Session two was actually called “Teamwork toward Permanence” but I like my name better. 🙂 Our second in-class session went well. We had another cheesey sunshine and rainbows video from DCFS where the birth parent actually hugged the social worker and proudly proclaimed, “I LOVE having a social worker in my life. She saved me!” Before the video faded to black, the birth family and foster family were gathered together in a cozy living room, laughing and smiling over the children like they had always been extensions of one another’s family trees.
As our instructor switched off the VCR she turned to us and said, “Okay, now let’s talk about real life.” Including air quotes around “real life.”
I have to admit, I love that they are not sugar-coating any of the “one big happy family” propaganda that DCFS is providing. I am not discrediting the idea that there may be wonderful teams of birth families, foster families, social workers, and children that hold hands and come together for an afternoon at the zoo, but after blog reading for 16 months, you, my fellow bloggers, are painting a much different picture. Like my instructors, I thank you for the dose of the “real world.”
The big idea of the day was, “Be prepared to work with birth families, don’t judge them.” The woman next to me shook her head in disapproval, “I thought they just brought you some kids and you got to take care of them…” She wasn’t in class this week. Is she over it?
We learned the about idea of concurrent planning (which I can thank Carrie Ann, from Foster Wee, for sharing about here first) and how the team will be working on reunification for the child with their birth families all the while also planning for termination of rights and adoption. It looks good on paper but my “real world” lessons tell me otherwise.
We did a simple exercise where we were given a few minutes to answer the following questions:
1. What do you plan to do tomorrow?
2. Who do you plan to have with you tomorrow?
3. What do you want to be doing one year from now (personally or professionally)?
4. Who do you plan to have with you?
5. What would you like to accomplish in the next five years?
6. Who would you like to have sharing your accomplishments?
We handed in our worksheets and our instructor promptly ripped them up. There were a few gasps but I saw it coming. I get it. A person, of any age, is going to have plans and when those plans are disrupted, they are not going to be happy. As we have heard more than once now, no kid ever wakes up and says, “I want to be taken by DCFS today.” This feeds into the idea that no one (foster parents or otherwise) should ever expect their foster/adopted child to be grateful. Even if being abused, they are attached to the adult in their life and you are different and strange and you interrupted their plans, no matter how big or small.
Two other key ideas we hit on were connections and continuity. Connections in terms of establishing long-term and ongoing relationships with people who have a lifetime commitment to the child. Connections provide belonging, stability, and a sense of cultural community. Continuity refers to children’s ability to understand and make connections between their past, present and the future. It has to do with knowing where you’ve been and where you’re going. It’s a sense of familial and cultural heritage.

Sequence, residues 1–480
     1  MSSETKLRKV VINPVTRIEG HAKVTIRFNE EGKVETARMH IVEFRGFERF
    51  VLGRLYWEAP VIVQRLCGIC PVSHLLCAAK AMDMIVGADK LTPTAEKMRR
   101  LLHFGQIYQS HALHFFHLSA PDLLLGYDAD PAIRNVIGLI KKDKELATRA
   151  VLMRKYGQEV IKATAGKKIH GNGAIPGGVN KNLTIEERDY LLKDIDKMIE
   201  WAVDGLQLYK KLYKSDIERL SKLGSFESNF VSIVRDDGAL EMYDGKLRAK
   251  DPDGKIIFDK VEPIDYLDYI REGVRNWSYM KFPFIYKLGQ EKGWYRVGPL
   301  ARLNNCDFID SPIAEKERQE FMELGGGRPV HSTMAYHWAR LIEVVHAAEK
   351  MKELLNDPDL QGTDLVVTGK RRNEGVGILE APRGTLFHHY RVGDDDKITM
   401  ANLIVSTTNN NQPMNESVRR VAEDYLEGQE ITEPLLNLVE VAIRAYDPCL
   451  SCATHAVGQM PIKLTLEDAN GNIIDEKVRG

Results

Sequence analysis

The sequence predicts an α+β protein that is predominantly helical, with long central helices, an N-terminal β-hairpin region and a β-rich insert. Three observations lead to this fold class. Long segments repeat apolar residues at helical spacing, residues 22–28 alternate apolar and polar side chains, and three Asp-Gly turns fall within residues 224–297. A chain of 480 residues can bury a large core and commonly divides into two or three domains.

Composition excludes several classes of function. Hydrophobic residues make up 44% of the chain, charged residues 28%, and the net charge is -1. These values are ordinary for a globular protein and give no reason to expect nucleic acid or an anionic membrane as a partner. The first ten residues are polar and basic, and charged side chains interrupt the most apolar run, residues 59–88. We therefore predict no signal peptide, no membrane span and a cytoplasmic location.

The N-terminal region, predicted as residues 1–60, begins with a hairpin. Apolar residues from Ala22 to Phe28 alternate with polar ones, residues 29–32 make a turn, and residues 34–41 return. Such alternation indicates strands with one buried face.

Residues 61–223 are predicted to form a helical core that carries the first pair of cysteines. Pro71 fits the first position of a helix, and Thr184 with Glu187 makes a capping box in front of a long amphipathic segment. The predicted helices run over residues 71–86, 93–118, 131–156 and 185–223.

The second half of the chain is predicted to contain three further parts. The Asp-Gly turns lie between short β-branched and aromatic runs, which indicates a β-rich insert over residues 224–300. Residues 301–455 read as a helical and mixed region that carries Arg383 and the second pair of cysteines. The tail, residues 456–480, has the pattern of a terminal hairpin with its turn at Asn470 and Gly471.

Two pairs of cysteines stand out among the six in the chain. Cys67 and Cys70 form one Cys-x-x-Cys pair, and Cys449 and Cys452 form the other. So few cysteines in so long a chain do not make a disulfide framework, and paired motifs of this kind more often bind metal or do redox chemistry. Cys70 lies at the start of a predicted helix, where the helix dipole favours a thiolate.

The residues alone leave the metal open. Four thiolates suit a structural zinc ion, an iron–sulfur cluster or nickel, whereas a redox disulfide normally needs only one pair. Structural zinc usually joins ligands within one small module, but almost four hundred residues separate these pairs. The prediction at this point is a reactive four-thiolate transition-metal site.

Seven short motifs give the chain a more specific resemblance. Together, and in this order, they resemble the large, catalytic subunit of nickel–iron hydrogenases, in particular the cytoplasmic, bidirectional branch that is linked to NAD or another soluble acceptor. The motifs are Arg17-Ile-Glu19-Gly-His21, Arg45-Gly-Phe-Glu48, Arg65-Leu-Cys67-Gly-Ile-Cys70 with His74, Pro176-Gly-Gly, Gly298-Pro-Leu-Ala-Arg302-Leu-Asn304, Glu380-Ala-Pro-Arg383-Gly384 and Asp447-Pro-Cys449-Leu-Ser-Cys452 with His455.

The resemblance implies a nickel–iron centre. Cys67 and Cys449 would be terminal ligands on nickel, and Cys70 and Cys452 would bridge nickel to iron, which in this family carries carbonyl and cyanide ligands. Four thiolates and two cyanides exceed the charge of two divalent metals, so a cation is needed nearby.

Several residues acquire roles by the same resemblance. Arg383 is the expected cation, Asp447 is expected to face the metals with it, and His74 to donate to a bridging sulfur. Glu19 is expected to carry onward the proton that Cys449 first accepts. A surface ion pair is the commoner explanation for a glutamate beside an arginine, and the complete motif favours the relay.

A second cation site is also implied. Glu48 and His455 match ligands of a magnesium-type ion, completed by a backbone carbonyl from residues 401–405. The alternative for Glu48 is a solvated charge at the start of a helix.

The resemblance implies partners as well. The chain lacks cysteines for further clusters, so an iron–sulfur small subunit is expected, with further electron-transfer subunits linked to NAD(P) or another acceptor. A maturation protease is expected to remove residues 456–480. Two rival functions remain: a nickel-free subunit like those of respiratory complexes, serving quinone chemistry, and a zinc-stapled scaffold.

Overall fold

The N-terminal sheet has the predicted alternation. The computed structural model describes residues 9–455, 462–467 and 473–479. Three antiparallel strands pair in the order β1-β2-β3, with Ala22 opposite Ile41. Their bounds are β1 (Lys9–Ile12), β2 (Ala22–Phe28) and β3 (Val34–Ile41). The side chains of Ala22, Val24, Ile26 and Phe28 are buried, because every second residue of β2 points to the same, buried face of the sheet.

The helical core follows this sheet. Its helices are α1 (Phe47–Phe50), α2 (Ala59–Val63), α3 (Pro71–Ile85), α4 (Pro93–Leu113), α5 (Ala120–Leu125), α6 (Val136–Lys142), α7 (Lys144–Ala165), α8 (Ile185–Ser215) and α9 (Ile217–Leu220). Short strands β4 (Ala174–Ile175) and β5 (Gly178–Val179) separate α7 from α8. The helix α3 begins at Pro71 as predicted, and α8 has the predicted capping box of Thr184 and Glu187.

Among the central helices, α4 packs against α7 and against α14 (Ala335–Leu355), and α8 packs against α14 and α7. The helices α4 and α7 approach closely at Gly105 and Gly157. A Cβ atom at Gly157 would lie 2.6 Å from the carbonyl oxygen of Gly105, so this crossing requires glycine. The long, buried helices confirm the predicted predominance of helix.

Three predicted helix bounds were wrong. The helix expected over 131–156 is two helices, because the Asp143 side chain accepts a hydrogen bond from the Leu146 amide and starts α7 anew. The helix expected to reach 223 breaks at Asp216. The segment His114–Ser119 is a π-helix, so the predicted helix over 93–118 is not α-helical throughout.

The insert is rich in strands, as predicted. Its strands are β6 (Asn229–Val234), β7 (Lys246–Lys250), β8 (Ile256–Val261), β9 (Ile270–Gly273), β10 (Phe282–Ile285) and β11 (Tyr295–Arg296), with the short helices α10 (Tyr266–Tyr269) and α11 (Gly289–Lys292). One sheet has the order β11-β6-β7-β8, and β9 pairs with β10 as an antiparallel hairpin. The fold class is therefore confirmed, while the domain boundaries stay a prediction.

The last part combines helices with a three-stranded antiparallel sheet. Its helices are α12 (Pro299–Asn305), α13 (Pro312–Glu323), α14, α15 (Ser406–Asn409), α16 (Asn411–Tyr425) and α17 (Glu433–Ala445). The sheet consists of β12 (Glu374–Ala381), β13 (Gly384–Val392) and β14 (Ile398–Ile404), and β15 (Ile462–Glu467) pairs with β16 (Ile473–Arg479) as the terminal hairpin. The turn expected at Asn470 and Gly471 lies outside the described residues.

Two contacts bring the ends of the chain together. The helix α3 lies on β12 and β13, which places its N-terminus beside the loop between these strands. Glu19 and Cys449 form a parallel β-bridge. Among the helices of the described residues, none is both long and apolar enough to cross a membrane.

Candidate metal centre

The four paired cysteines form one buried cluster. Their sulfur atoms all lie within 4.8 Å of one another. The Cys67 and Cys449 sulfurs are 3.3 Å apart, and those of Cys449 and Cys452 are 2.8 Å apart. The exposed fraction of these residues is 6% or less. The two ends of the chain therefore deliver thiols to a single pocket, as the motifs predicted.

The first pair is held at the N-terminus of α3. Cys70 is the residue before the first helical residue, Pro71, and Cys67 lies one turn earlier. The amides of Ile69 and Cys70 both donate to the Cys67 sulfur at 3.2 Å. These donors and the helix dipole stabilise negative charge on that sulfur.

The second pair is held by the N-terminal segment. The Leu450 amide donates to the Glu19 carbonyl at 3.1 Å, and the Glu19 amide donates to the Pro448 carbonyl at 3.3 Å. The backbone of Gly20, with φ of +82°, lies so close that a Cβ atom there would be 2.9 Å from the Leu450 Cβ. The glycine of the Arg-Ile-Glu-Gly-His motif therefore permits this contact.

Enter the homework. In addition to about 20 pages of reading we were required to complete a genogram, or a drawing of our family tree structure. It examines family heritage and current family relationships. It’s a chart of our hereditary past and present. (My photo is purposely pixelated to obscure family names and to apparently protect the identity of my dog napping on the floor.) It resulted in a phone conversation with my mom where suddenly I was picking her brain for birth dates and dates of death. I love how the mind works, as she was rifling through her mental schema for the information I needed she would mutter things like, “She passed just after we moved to…” or “Well he was this many years old when your father was born so…” Family factoids tied to family trivia. Without cousins, my genogram came out quite compact. Mr. Something’s genogram, with an extensive supply of aunts, uncles, half aunts, and half uncles, required computer charting and quite a few creative guesses on his mom’s part.
Again, I got it. Bringing a child into our family adds a different type of branch to our tree and also provides them with a tree that isn’t really theirs to begin with. It’s a matter to never forget.
Purely by coincidence, I found myself climbing deeper (higher?) into my family tree just a few hours after that phone conversation with my mom. She and my father were headed out-of-town for a road trip and I finally got the opportunity I had been waiting for. In April, my parents will be celebrating their 50th wedding anniversary. I have known for a while that I wanted to make a DVD slideshow of pictures of them spanning the 50 years of their marriage. A project that would include raiding their family albums and scanning A LOT of photos. (If this post mysteriously disappears it’s because I have finally shared my blog with my mom and I’m being very top secret about the whole anniversary project. She was running internet on a dial-up connection until about a month ago, so spending casual time online reading blogs was not within her realm of patience!) So, with them safely across state lines, I headed to their house and took on the task.